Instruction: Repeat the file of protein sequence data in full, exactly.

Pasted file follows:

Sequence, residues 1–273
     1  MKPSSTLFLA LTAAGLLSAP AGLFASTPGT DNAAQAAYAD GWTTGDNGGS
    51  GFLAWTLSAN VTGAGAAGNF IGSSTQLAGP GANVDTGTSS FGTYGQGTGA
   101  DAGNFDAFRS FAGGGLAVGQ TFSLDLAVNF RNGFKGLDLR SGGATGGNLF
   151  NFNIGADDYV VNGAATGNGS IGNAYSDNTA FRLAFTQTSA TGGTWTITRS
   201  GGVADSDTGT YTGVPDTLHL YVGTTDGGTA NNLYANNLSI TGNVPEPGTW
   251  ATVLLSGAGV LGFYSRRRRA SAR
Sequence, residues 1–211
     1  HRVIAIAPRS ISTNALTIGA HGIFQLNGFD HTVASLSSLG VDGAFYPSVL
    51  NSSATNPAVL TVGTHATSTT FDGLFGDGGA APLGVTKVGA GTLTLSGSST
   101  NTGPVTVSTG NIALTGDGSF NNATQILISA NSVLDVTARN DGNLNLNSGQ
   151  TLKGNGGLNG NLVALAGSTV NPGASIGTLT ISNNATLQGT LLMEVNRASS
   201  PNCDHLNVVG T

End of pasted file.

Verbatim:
Sequence, residues 1–273
     1  MKPSSTLFLA LTAAGLLSAP AGLFASTPGT DNAAQAAYAD GWTTGDNGGS
    51  GFLAWTLSAN VTGAGAAGNF IGSSTQLAGP GANVDTGTSS FGTYGQGTGA
   101  DAGNFDAFRS FAGGGLAVGQ TFSLDLAVNF RNGFKGLDLR SGGATGGNLF
   151  NFNIGADDYV VNGAATGNGS IGNAYSDNTA FRLAFTQTSA TGGTWTITRS
   201  GGVADSDTGT YTGVPDTLHL YVGTTDGGTA NNLYANNLSI TGNVPEPGTW
   251  ATVLLSGAGV LGFYSRRRRA SAR
Sequence, residues 1–211
     1  HRVIAIAPRS ISTNALTIGA HGIFQLNGFD HTVASLSSLG VDGAFYPSVL
    51  NSSATNPAVL TVGTHATSTT FDGLFGDGGA APLGVTKVGA GTLTLSGSST
   101  NTGPVTVSTG NIALTGDGSF NNATQILISA NSVLDVTARN DGNLNLNSGQ
   151  TLKGNGGLNG NLVALAGSTV NPGASIGTLT ISNNATLQGT LLMEVNRASS
   201  PNCDHLNVVG T